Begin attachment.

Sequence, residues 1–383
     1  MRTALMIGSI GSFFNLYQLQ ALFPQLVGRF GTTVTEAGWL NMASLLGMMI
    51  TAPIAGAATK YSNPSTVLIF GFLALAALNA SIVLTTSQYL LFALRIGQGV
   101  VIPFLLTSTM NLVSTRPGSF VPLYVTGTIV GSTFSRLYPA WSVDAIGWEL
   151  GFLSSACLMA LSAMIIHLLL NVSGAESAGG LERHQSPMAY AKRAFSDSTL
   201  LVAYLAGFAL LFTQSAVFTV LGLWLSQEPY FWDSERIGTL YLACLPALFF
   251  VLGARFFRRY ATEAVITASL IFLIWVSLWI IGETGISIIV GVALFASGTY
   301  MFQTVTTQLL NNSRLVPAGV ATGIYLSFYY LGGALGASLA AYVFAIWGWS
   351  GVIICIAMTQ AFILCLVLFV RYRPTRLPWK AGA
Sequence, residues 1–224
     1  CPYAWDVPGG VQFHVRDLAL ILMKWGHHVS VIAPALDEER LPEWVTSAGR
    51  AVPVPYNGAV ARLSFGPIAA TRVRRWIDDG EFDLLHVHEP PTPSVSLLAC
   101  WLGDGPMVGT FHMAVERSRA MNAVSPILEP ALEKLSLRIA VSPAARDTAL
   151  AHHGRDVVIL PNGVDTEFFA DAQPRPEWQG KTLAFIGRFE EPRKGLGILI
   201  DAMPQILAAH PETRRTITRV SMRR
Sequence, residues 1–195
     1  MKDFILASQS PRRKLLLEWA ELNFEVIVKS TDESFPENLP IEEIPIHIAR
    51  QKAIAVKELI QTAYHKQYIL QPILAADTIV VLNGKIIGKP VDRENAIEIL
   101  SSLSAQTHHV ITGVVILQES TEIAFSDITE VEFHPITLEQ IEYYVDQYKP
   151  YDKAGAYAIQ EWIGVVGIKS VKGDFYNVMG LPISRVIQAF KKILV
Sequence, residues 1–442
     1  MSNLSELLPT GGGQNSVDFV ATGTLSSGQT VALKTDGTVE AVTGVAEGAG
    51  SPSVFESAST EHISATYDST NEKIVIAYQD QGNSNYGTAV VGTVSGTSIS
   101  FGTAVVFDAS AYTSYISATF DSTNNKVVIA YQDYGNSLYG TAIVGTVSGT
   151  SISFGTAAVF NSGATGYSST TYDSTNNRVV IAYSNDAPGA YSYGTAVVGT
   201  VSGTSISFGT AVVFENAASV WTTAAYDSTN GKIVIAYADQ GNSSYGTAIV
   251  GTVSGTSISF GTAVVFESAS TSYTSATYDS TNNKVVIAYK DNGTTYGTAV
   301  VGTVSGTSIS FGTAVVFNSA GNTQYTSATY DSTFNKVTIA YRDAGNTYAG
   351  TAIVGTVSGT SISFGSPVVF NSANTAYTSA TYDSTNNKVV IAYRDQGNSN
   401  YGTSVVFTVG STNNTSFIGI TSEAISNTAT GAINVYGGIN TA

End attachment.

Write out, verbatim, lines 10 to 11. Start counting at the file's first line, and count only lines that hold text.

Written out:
Sequence, residues 1–224
     1  CPYAWDVPGG VQFHVRDLAL ILMKWGHHVS VIAPALDEER LPEWVTSAGR